Seven Ways to Control Your Emotions While Driving
Seven ways to control your emotions while driving
Have you ever considered how strong emotions can affect your safety when you're behind the wheel? Think about the following situations and how they might affect your driving.
Imagine you are on your way to your best friend’s wedding. You’re excited; your mind is on the dancing, the good food, and the fun night ahead of you. You're rushing through traffic, eager to arrive at the wedding. At the next traffic light, you plan to take a second to make some last-minute adjustments to your hairdo or make sure your tie is straight.
Now imagine another scene, one that’s very different. You’re driving home from work on a Friday evening. Just at the end of the workday, a co-worker told you that the company is downsizing, and employees are being fired. Now the only thing on your mind is those cutbacks. Will you be the next one? You feel frustrated, angry, and perhaps a little desperate.
How do you think your driving would be affected in each of those circumstances? For instance, if you were rushing to get to a party, how would you react if a vehicle in front of you was driving too slowly? If you were frustrated over major problems, what would your reaction be if a car pulled in front of you unexpectedly? Would you be tempted to react with impatience or anger?
When driving, strong emotions can distract you, much like texting on a cell phone steals away a person’s attention. In fact, the risk of a collision can be up to ten times higher when a driver is under the influence of strong emotions. And it’s not just troublesome emotions that have a negative effect on driving. Any emotions that a driver may experience - whether he feels positive or negative, happy or sad, excited or furious - can all influence his driving abilities.
While drivers can be banned from using cell phones, it’s harder to pass a law to ban someone’s innermost thoughts. That’s why you as a driver have to be aware of how you feel, detect how your emotions are affecting your ability to drive, and be aware of what you can do to change your state of mind.
What are some emotions that affect driving?
Stress – Perhaps your day at the office didn’t go well, or you just broke up with your significant other, or you failed a college exam. Maybe you’re thinking about your personal finances or that fight with your best friend or your teenage daughter. Any of these stressful situations can make a person drive more aggressively and be less willing to share the road with others.
Fear – Do you panic at the thought of being in a collision? Overly cautious driving can actually lead to making mistakes that can provoke a collision.
Strong positive emotions – Receiving exciting news or celebrating a happy event can certainly make your day. That feeling of excitement is marvelous, but it can be so exhilarating that it impels you to drive faster and take more risks behind the wheel. You may pay less attention to the little details that can make the difference between being in an accident and avoiding one.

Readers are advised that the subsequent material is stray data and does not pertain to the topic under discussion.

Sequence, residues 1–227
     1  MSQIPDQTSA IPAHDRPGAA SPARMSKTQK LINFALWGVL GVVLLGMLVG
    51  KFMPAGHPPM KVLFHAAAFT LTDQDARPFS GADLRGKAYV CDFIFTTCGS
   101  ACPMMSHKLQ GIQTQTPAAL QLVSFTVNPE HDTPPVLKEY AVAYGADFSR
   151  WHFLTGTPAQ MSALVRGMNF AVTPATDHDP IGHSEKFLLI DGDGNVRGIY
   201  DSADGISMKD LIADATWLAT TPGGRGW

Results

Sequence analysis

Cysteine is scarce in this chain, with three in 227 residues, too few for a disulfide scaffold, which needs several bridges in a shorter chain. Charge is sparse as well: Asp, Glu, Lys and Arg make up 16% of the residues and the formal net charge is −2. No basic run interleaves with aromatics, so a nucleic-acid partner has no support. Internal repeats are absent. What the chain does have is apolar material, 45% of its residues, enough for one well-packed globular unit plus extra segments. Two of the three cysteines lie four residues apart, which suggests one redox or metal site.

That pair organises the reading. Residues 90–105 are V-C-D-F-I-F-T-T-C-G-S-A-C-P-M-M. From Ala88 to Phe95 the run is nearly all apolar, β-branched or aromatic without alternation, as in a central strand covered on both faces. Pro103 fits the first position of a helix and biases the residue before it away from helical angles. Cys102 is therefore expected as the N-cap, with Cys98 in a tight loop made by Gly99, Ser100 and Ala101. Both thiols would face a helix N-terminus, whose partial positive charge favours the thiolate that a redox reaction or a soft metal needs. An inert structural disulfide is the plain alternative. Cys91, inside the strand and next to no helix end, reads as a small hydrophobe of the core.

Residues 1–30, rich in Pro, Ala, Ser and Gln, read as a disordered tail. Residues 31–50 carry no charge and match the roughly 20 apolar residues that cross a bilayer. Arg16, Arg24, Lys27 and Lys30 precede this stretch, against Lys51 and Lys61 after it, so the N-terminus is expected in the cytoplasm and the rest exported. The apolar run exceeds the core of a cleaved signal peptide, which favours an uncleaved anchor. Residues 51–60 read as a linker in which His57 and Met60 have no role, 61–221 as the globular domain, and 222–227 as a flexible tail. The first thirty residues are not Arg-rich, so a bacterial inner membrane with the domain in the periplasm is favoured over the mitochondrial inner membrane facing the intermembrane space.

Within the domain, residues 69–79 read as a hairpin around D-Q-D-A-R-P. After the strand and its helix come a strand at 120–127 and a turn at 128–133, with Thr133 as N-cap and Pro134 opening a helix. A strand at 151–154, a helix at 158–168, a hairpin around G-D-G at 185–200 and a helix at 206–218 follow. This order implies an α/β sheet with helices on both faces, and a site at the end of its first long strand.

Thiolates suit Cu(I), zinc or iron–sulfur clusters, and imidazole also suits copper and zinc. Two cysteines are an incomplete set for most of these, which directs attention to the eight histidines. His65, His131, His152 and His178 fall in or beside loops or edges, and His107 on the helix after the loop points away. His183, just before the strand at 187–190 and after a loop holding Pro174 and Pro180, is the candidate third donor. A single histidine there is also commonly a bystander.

Exhaustion – Driving while fatigued (or really, doing anything else when you’re overly tired) can bring on feelings of frustration and impatience. You could also be less aware of your surroundings, and respond slower to unexpected situations on the road.
How can you deal with your emotions?
The first step to controlling your emotions is to recognize them. Sometimes a person can be so swept away with their thoughts and emotions that they’re not even aware they’re experiencing them! So take the time to recognize what you feel. Once you recognize what may be causing your feelings, then you can take steps to control them.
Seven ways to control your emotions when driving
Take back control. If you control your thoughts, you’ll be able to control your emotions. Keep your mind on pleasant thoughts. Think back to pleasant moments during your last vacation. Or remember how delicious last night’s dinner was. As you concentrate on pleasant moments you’ll find yourself calming down.
Breathe deep. Taking slow, deep breaths is a simple way to relax and soothe racing thoughts.
Use your ears. While it can be useful to keep up with the news while you’re commuting to work or running errands, be aware of how you feel when the news turns negative. Does it bring on feelings of stress or frustration? You might want to switch to some music that has a soothing effect on your thoughts and emotions. So don’t be afraid to turn off stressful news, or to put away the heavy metal rock, and get out some cheerful tunes.
Wait. Although your problem is weighing on your mind, the reality is that you most likely won’t solve it while driving. Wait until you get out from behind the wheel to work a problem out.
Sleep. Of course, not while you’re driving. However, if you get a good night’s rest, you will be more alert and more capable of dealing with the emotions that come up during the day. That will have a direct effect on your driving since when you get behind the wheel you’ll be in a better frame of mind.
Plan. Are you frequently frustrated because of unexpected delays on the road? Plan on leaving a bit early, so that, when you hit the delay you can keep your calm and still arrive on time. Planning ahead may also help you choose the best route with the fewest delays and reduce unnecessary stress.
Stop. If you truly can’t calm down, it may be better to pull over at a gas station or other convenient stopping place and resume driving only after your emotions have settled down.